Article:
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Get Ready to Kedge - Anchoring for Race Yachts

by Calanach Finlayson 12 Apr 09:00 PDT
Get Ready to Kedge - Anchoring For Race Yachts ©

The practice of kedging has been used for hundreds of years as a method of manoeuvring or orienting a sailing vessel against tide and wind. A kedge anchor is typically smaller and lighter than the primary anchor, making it easier to handle.

Modern cruising yachts continue to use kedge anchors for a variety of purposes including to provide additional holding power in strong wind or to maintain the alignment of the vessel in a narrow anchorage where there is not room to swing.

In this article we look at how racing boats use kedge anchors to hold fast in light wind and adverse current.

Kedging or anchoring?

The definition of kedging is "to warp or pull (a ship) along by hauling on the cable of an anchor carried out from the ship and dropped". This refers to the process by which a lightweight kedge anchor might be carried away from the vessel in a dingy or tender and dropped, allowing the ship to be hauled in that direction by pulling against the kedge.

Under the Racing Rules of Sailing, such an activity would of course breach rule 42. So in fact when we refer to kedging in the context of racing, the correct terminology is really anchoring, as permitted by RRS 45. Technicalities aside, most racing boats will carry a small, lightweight 'kedge' anchor for this purpose.

Know when to do it

Anchoring during a coastal passage race is not uncommon and doing so at the right time can pay significant dividends. Any light airs situation in regions of strong tidal current is likely to present the opportunity for a spot of anchoring. If you find yourself in an adverse current with dying breeze, you might want to think about having a lightweight kedge anchor ready to go and positioning the boat in shallow enough water to use it.

A team which is able to deploy and retrieve their anchor efficiently can hold ground while other boats drift back down the race course around them, before getting sailing again as soon as the breeze fills in.

Take the right kit

The anchor

The number of anchors you carry on board will be governed by which category of Offshore Special Regs you must comply with. Beyond that, the size and style of anchor just has to meet the anchor manufacturer's recommendation based on the boat's dimensions with suitable combination of chain and rope.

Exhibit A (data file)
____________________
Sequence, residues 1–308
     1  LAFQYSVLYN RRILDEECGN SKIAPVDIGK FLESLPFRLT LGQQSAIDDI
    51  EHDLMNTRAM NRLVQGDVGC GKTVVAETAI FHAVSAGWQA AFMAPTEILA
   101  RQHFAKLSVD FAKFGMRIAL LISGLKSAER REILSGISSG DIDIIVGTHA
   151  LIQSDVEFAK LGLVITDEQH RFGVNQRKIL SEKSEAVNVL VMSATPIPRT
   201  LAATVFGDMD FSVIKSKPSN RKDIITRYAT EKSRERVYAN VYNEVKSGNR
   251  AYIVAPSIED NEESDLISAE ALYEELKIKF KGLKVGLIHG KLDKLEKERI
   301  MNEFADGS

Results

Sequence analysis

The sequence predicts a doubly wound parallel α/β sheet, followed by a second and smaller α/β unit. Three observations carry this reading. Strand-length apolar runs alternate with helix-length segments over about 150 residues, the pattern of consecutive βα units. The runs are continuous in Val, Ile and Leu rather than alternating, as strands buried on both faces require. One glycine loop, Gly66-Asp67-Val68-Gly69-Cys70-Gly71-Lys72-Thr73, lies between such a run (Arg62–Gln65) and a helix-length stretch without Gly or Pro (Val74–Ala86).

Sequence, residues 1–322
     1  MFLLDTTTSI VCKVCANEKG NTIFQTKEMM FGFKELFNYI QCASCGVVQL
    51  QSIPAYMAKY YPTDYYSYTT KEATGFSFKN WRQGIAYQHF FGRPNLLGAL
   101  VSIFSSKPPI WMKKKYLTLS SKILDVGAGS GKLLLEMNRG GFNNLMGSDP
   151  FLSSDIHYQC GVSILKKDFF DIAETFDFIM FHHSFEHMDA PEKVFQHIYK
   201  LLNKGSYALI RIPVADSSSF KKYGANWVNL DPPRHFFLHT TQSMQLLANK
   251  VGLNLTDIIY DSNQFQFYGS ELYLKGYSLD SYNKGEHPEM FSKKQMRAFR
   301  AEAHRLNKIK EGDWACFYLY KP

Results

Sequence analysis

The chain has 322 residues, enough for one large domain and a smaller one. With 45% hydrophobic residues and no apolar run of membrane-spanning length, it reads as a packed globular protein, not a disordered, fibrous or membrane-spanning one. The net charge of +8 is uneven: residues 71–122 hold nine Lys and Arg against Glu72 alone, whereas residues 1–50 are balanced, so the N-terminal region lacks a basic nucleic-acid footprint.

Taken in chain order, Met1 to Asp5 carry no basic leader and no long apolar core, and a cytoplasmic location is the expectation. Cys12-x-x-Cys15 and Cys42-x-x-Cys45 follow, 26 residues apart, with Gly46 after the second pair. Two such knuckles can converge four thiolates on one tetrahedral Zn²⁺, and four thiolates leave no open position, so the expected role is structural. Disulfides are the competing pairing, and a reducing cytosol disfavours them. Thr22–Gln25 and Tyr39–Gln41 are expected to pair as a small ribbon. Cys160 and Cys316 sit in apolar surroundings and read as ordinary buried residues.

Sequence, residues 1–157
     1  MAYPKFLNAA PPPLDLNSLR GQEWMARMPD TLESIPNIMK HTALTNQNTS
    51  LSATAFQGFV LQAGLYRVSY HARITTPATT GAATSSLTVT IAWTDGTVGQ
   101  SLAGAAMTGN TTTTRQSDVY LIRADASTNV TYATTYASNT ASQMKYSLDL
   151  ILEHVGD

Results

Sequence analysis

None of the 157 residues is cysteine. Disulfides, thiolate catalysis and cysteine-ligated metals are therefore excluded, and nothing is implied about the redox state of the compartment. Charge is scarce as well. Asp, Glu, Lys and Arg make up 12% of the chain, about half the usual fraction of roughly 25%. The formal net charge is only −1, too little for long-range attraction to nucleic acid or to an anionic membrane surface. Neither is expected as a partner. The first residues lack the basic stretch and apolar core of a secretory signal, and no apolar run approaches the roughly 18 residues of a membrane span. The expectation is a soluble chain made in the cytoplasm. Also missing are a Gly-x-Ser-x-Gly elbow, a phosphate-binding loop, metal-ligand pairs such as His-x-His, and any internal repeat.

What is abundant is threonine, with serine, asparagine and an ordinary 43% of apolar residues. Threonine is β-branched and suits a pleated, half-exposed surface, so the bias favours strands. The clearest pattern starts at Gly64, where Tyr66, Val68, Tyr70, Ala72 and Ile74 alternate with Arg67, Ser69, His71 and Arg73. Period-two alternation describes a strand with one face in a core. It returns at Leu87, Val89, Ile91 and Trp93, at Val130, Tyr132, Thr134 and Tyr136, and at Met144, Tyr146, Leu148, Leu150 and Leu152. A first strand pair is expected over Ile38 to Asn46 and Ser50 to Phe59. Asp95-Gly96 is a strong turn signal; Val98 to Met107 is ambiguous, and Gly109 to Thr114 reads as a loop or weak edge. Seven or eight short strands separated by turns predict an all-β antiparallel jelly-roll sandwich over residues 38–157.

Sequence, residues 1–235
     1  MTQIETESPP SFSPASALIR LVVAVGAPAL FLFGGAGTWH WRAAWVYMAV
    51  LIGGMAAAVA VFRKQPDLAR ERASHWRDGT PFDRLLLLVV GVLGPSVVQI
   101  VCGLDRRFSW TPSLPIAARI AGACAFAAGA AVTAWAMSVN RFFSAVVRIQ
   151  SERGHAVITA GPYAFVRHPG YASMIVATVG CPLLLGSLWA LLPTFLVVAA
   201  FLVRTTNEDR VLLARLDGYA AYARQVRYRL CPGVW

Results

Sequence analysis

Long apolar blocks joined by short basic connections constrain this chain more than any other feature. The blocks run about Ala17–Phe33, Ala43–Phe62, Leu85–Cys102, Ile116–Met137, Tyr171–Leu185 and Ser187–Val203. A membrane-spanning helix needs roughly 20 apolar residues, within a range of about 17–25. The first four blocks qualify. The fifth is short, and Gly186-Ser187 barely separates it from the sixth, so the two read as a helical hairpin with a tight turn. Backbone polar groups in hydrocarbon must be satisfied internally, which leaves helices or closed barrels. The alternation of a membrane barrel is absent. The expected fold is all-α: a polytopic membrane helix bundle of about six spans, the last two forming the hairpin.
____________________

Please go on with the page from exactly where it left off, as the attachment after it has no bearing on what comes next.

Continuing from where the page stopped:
Lewmar LFX anchors provide good holding power for their weight. Taking a 35ft yacht as an example, the manufacturer recommendation is the LFX 10lbs (4.5kg) anchor. In addition, these anchors can be partly disassembled for easier stowage.


Anchor rode is the combination of chain and rope. The length needed (scope) can be estimated as a multiple of water depth. The scope recommended by Lewmar is 3x water depth as a minimum, up to 10x as optimum. Unless you are anchoring for a good night's sleep or to wait out a storm, the shorter end of the scale is usually enough for kedging in foul tide. As a starting point, we suggest taking around 6m of chain plus at least 60m of rope which should be good for short term anchoring in up to 20m depth.

Anchor lines are usually made from Nylon or Polyester in a twisted or plaited style. It might be tempting to try and reduce weight/bulk by taking a thin Dyneema line or even webbing strap but remember you will need to haul this by hand, so cheese wire is best avoided. Webbing straps are particularly unsuitable due the tendency for vibration when held taught in a flow of water.


A small, light kedge anchor is easy to transport, allowing you to stow it low down in the boat and not necessarily in the anchor locker. Flake the rode into an open bag or sack and place the anchor on top ready for deployment. A top tip is to leave the other end of the line sticking out of the bag or tied off to a handle so you can make this fast on deck before deploying.

In summary:

  • Choose a lightweight kedging anchor which is suitably sized for your boat
  • Add at least 5m of chain plus 60-100m of rope
  • Stow the rope and anchor in a durable bag so it's ready to deploy
  • Stow the kedging kit low down in the boat close to the keel, ensuring you have easy access

See the range

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